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British Hospitality

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An estimated 387 child refugees who have relatives in the UK are stranded alone in Calais. The UK government doesn’t really want to bring them over, and has only started to after being sued by a group of charities. Three teenagers who arrived this week have been accused of looking like young men rather than children. The way the right-wing press has singled out these boys and published their faces in a hit parade is straight-up racist intimidation, playing on a stereotype of non-white foreigners being freakishly and threateningly overdeveloped.

People like the Conservative MP (not the Brexit secretary) David Davies – ‘These don’t look like “children” to me. I hope British hospitality is not being abused’; ‘Migrant “children” must be given dental X-rays to prove age’; ‘didn’t see any children in the camp’ – claim that they’re interested only in ensuring that genuine children get the protection they need. Somehow I doubt it. Davies’s ‘concerns’ are part of a general narrowing down of the category of ‘deserving’ refugees, with the aim of taking in as few as possible. The terms are shifting constantly; when you answer one objection, another appears. OK, there’s a refugee crisis but the real refugees are the ones who stay in camps outside Europe. OK, there’s a crisis in Europe but the real refugees are the ones who stay in the first European country they set foot in. OK, there’s a problem in Calais but we only need to protect the lone children. OK, but not the teenagers. And so on.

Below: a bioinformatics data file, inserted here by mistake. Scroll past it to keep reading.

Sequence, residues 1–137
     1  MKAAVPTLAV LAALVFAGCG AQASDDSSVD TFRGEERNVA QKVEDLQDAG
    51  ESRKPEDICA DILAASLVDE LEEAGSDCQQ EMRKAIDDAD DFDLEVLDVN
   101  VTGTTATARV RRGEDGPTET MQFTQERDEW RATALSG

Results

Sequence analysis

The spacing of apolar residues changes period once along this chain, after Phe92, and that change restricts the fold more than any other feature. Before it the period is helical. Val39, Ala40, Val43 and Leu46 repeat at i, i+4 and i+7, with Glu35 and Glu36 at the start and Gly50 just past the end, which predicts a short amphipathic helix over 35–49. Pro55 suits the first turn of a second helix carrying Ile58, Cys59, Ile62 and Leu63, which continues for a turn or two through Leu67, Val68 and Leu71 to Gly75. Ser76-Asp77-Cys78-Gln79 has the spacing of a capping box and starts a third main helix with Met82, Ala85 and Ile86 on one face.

Davies’s invoking of British ‘hospitality’ is also questionable. One might ask what kind of hospitality it is to leave thousands of Afghans, whose country Britain recently occupied for 13 years, and many of whom have relatives in the UK, living in the mud in Calais. One might also question the wider theme of ‘Britain’s proud history of welcoming refugees’, as it is often called. The UK has indeed taken in certain selected groups of refugees at certain points in its history, and this has made a real difference to the lives of the people who came here. But it might be more accurate to say that Britain has a history of mainly trying to keep refugees out, while occasionally welcoming limited numbers. People tend to forget that the British government, which kept its doors closed to most Jewish refugees from Europe in the 1930s, was pressured into the Kindertransport by Jewish and Quaker organisations – and even then, it only took the children and left their parents to die. The ‘proud history’, as often as not, is used to justify keeping refugees out.

Unaccompanied children are often in greatest need of protection and should be given priority, but helping them is not enough. Most of the migrants are adults. It’s the restrictions on their movement that create the situations in which children get trapped. And while a rhetorical focus on children may seem an easy way to skip the difficult political questions and appeal straight to people’s emotions, it may not be the best way to help refugees in the long run.

The migrants in Calais and elsewhere are not so much ‘innocents’ as people trying to retain control over their lives and making morally complex decisions about what risks to take, what rules to flout, what lies to tell – including, in a minority of cases, saying you’re under 18 when you’re not. If these details are kept out of the picture then it makes it harder to ask the questions that need to be asked. Why should anyone, for example, from small children to adult women and men, have to put up with these conditions? What set of interests does it serve to regulate their movement and encourage people to fear them? And how likely is it that a state which treats refugees in this way will behave similarly to its own citizens?